The year 2018 will soon tromp in on cold feet.
It’s time for some “thankful fors.”
I’ll leave our town’s major, supersized “thankfuls” to the mayor and the Brookings Chamber of Commerce, as is the traditional year-end Brookings custom.
Then, since the New Year will also end my little jaunt through the last 17 years (57 if you count way back) of Stubbling around this town and this area, I’ll add a few of my “thankful fors.”
I’m not sure how long I’ve written a weekly column for the Register, but I started at the request of former editor, gentlemanly Doug Anstaett, now chief executive for the Kansas Press Association. He served Brookings well from 1982 to 1987.
About the time he left town, I was still working at SDSU. Then I stopped writing for the Register for a while as I retired from SDSU and begin developing my own newspapers.
The Register was nice enough to take me back again in 2000 when I retired from what by then had morphed into publishing 10 weekly newspapers in the I-29 corridor from Deuel County to Brandon and Valley Springs in Minnehaha County.
Of course, this writing stuff all started when I was in college editing the SDSU Collegian. The Watertown Public Opinion was next, and then the Vermillion Plain Talk up to 1965 when I rejoined SDSU, so I suppose Stubble Mulch’s longevity is about 57 years, which at 650 words a column is a whole lot of mumbo-jumbo, let me tell you
Now, all that is ending.
Thank you to all who may have read one or two of my prattles. I’m grateful for your kind comments, which I’ll miss, and even for some of your criticisms, which I won’t miss.
Looking back, my Brookings “thankful fors” also include:
The four-way stop at Third and Medary. There are other four-ways in town, but I pull up to the Third and Medary juncture almost daily. Each time I’m reminded of how comfortable Brookings life can be. Third and Medary says a fair amount about our town and its people.
We’re far from the impersonal clamor of the big cities. At Third and Medary, plain, old-fashioned, small town politeness and cordiality kicks in.
Sure, we’re all in a hurry in Brookings, too, but at Third and Medary we pause – young and old drivers alike – to become part of a community. We cooperate with one another. We dutifully wait our turn, working in concert in an orderly and mannerly way for the common good.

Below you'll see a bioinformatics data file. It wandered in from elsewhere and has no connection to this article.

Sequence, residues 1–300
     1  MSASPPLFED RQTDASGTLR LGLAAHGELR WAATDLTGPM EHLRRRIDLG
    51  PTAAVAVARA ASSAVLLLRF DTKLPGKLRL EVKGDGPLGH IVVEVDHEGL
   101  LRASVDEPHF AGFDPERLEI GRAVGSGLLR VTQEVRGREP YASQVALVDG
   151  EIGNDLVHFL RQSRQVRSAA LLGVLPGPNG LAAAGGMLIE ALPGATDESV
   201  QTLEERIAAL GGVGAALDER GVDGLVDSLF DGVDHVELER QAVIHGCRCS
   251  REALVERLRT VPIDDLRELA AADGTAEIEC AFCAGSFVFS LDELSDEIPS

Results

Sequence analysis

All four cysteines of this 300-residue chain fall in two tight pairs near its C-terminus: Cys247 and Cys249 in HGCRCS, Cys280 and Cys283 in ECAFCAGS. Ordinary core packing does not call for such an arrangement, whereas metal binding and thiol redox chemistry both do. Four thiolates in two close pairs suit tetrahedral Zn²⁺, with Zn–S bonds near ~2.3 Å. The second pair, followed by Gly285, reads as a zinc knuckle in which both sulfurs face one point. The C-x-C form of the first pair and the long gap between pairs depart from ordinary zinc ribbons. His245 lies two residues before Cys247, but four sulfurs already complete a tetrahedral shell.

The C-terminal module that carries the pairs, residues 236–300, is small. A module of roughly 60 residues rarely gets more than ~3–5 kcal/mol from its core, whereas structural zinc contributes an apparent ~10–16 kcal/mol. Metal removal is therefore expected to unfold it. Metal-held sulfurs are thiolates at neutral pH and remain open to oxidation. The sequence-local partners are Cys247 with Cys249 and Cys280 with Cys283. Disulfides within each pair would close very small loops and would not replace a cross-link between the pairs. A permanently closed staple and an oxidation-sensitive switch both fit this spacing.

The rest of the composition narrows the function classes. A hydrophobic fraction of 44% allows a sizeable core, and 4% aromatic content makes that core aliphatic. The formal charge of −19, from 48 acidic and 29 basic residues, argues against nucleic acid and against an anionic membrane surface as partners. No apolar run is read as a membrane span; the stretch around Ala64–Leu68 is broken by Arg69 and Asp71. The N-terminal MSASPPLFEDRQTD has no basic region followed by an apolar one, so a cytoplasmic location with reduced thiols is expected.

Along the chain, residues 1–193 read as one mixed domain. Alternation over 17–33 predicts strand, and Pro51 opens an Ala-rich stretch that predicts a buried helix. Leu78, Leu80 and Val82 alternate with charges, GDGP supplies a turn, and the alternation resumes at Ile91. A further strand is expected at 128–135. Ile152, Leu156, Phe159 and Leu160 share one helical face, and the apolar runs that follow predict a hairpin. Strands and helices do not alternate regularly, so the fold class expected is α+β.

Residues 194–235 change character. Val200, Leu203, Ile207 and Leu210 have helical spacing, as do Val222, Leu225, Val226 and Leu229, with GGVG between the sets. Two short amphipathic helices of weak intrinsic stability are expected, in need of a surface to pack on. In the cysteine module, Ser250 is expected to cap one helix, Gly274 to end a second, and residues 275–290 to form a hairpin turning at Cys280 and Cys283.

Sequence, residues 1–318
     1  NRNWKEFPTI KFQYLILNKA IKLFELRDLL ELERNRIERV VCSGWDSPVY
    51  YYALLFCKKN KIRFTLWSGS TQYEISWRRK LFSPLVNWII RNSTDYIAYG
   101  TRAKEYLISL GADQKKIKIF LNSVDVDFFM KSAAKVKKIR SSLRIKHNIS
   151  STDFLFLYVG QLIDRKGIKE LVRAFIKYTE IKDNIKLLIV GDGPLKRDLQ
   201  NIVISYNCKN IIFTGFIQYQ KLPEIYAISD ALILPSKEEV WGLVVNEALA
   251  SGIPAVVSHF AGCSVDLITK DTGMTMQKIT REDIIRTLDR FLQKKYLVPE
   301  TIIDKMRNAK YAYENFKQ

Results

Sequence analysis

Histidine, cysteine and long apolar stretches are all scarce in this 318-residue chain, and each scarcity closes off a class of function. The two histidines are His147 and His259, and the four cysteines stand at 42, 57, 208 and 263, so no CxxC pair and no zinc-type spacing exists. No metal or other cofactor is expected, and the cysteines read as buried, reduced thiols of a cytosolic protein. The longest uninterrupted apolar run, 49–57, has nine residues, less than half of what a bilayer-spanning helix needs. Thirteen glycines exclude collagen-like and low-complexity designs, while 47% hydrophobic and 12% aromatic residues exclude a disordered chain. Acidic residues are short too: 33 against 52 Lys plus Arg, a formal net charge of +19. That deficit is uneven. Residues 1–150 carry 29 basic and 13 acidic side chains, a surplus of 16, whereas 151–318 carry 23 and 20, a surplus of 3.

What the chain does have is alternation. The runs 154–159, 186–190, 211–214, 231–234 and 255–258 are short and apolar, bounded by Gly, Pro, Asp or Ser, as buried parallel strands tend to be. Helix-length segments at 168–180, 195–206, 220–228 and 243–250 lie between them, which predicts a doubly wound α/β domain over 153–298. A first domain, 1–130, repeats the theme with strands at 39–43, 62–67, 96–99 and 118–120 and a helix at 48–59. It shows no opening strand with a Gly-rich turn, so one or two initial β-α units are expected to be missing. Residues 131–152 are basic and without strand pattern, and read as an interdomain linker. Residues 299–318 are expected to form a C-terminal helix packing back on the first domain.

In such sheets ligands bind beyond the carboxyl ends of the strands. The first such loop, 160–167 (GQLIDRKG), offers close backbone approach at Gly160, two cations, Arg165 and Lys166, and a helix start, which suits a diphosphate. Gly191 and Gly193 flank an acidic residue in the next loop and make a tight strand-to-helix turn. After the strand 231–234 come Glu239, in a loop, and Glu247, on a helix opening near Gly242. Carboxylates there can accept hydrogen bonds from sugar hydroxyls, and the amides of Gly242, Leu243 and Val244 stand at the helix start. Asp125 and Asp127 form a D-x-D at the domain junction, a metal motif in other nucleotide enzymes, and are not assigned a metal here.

Often out of kindness some will even cancel their turn and, with a friendly wave, encourage a fellow motorist they don’t even know to cross before them.
At Third and Medary, we aren’t governed by impersonal traffic lights and strict penalties if we fail to follow what a computerized timer might instruct. At Third and Medary, decisions are left up to us local yokels. On our own we have to figure out the fairest and fastest way to move us all on our merry way.
So I’m thankful for living in a community with people who care about others in these little moments when each of us practice the value of working together.
I’m also thankful for the creative people we have here in Biotech Valley.
I’m thankful for the vibrancy and newness the university brings to town each fall. Staff and students exude this exhilarating sense of excitement, potential and growth throughout the year.
I can hardly wait for football seasons to roll around again. I love SDSU basketball, too. I’ve been watching the Jacks for 62 years.
I’m thankful for the good folks serving our county, city and school district. The elected ones are not in it for life or to feather their nests. They work overtime just like the career city and county employees to help guide us safely over bumpy stretches.
Treat them kindly. Understand what they are doing for all of us regardless of our station in life.
I’m thankful for our community’s “extras,” like centers for art, museums, parks, libraries and all the rest. They give Brookings an identity, reflect our values and link our past to our future.
I’m thankful for the prosperous families of Brookings who with the most beneficent of motive help our town in so many good ways, most of which we never hear about.
I’m also thankful for friendly merchants who compete with the Sioux Falls power house that we’ve all helped make such a dynamo, in large part because of the sales taxes that we should have been paying here in Brookings. Shop local.
I’m thankful for all of you who called or wrote or stopped me on the street to say they enjoyed one of my columns.
Finally, I’m thankful for living in this Someplace Special, and for meeting so many good folks wherever I go, especially at that unremarkable little slice of Americana we call the Four-Way Stop at Third and Medary.
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